What tasks or activities do you need investment for? How would you spend a $25,000 grant?

The following improvements are needed to make the system more accessible to conservation projects:

  • Refine the hardware design to improve ruggedness and reliability, and streamline manufacturing processes, including the development of additional prototypes.
  • Create an accompanying software program with a graphical user interface to simplify work flow and improve the ease of use for programming frequencies, downloading data, and analysing signals.
  • Many VHF radio transmitters are also capable of broadcasting additional information from on-board sensors, including activity, mortality, chick/egg timer programming, or temperature sensing. Once implemented on the Drone Ranger, this functionality will allow the system to detect not just position information, but also the status of the animal being tracked.

Are you a New Zealand citizen or resident?

YES

I have read and agree to the Crowdicity Terms of Use, the Conservation Innovation Awards 2017 Supplemental Terms and Conditions, and the Crowdicity Privacy Policy

YES

List five other ideas posted in the challenge that excite you. Why?

1) Self-resetting trap for Possums and Rats

Great idea, and should go a long way towards winning the Battle for the Birds! This could be a great opportunity to collaborate! The Drone Ranger has a multi-frequency radio receiver onboard, so if the traps could broadcast a radio signal the drone could download information from them as it flies overhead, including what kills they have made and whether they need servicing. This could be useful for monitoring traps in the back country where it’s hard to get to.

2) Restoration Drone for Polluted Waterways

Great idea for restoring wetlands and waterways. Plus drones are cool!

3) Hihi Feeder

A good idea for helping this endangered species, and hihi need all the help they can get! This could be another good opportunity to collaborate too! The Drone Ranger’s multi-frequency radio receiver could be set up to download information remotely from feed stations, including which birds have visited, and whether the station needs need refilling. This could be useful if you had a lot of stations to check, or if they were in the back country where it’s hard to get to.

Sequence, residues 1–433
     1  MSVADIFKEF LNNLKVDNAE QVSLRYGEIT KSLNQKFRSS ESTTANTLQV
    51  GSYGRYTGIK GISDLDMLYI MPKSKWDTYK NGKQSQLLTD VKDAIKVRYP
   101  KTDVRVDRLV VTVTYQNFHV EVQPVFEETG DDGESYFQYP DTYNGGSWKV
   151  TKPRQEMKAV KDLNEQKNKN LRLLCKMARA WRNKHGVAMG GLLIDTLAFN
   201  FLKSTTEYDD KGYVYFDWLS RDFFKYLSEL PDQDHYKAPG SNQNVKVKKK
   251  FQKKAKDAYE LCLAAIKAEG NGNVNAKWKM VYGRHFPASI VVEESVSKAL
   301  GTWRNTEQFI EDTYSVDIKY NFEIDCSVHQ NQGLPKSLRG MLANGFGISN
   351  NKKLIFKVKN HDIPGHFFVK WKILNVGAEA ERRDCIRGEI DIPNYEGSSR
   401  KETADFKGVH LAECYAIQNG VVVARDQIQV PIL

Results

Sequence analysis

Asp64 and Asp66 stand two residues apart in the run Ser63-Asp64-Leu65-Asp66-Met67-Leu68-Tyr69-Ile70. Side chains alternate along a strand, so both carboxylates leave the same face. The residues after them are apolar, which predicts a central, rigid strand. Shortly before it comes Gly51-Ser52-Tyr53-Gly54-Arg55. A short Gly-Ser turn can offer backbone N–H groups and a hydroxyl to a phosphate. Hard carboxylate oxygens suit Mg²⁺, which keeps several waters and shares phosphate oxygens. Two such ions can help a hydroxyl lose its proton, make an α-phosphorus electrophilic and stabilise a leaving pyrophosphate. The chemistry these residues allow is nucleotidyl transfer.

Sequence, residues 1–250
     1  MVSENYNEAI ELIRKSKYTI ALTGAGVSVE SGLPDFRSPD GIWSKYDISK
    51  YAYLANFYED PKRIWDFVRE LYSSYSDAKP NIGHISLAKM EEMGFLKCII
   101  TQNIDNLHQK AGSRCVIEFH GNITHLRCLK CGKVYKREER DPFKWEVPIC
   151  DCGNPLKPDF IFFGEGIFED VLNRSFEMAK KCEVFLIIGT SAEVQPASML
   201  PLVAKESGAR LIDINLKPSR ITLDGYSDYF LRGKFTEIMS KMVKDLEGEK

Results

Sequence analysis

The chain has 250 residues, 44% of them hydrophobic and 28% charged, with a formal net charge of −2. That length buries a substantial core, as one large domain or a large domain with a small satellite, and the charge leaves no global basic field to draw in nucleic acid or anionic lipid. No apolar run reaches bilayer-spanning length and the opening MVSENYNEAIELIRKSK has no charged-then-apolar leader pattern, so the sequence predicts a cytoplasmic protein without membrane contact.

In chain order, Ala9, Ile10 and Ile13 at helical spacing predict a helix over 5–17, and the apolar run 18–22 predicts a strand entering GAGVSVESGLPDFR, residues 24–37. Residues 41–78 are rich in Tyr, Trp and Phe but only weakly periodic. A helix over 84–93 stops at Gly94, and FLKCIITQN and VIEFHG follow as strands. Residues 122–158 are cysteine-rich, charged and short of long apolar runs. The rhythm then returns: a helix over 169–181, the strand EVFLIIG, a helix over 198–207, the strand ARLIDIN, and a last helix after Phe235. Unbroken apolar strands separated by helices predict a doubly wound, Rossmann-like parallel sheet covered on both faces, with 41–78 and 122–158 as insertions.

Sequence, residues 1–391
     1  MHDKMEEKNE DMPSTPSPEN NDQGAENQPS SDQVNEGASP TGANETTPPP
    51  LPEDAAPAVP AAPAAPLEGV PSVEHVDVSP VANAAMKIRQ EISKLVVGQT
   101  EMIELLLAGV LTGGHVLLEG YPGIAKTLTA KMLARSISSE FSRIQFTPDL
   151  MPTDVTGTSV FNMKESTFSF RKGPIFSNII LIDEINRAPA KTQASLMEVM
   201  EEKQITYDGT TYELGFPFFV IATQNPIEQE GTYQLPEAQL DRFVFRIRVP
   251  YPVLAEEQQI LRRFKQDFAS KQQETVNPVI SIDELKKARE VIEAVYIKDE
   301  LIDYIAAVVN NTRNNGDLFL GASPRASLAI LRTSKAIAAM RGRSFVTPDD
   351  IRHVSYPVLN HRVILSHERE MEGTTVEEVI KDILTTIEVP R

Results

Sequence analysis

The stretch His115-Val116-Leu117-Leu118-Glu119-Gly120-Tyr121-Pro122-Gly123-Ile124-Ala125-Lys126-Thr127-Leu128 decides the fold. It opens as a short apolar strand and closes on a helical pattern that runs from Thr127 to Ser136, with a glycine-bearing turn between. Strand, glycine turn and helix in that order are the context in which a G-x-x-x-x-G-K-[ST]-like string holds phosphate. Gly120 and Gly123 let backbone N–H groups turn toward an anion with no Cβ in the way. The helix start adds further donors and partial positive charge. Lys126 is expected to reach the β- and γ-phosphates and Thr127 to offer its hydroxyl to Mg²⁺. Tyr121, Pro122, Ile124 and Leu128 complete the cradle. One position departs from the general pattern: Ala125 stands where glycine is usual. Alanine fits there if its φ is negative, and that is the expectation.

4) DNA diagnostics

DNA analysis in the field would be a really useful tool

5) X-Specs

This looks like a good way to collect lots of environmental data in support of research, and another great opportunity to collaborate. The Drone Ranger’s multi-frequency radio receiver could also detect other radio signals such as information from sensor pods as it flies overhead.

How could you improve your idea?

The Drone Ranger provides a complete tracking system from data collection to scientific analysis, but we would like to streamline the data management process by improving the software UI for configuring the system and analysing the data.

At present the system requires a reasonably tech-savvy user, so we plan to create a more rugged, reliable, and user-friendly solution suitable for large-scale use.

The next planned enhancement is recording information from programmable transmitters e.g. activity, mortality, temperature, and chick/egg timer.

We also hope to include the use of larger drone platforms (multi-copter and fixed-wing) so it is suitable for a wider range of conservation projects. A larger drone would have increased range and flight time, and would also offer increased payload capacity so it could carry additional equipment (such as a camera) with less effect on flight performance.

There is also scope for the Drone Ranger to become a multi-purpose conservation tool. In discussions with other contributors on this site (including NZ Auto-Traps, X-Specs, and Hihi Feeder) we have identified several collaboration opportunities! The Drone Ranger already includes a multi-frequency radio receiver and wifi so it could be used to remotely download data from their traps, sensor pods, and feed stations in the field, without needing to visit the sites in person. Useful for saving time, and retrieving data from difficult locations in the back-country!

edited on Oct 13, 2017 by Chris Muller

Brent Beaven Oct 6, 2017

Conceptually a fantastic idea and coming from a wildlife background, and having spent hundreds of hours tracking wildlife, I can see the benefit and cost savings that this will bring.
We are now only have one week left to get these refined for judging. Can we get a bit more specific. What part of this is the innovation? Did you build a new type of drone? Have you created a completely new receiver that is multi-frequency? Or is it taking two systems and combining them into one working unit? Getting that clarity will be important for judging this compared to the other entries.
Good work so far...let's use the time left to get this entry as good as it can possibly be.
Brent

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Chris Muller Oct 7, 2017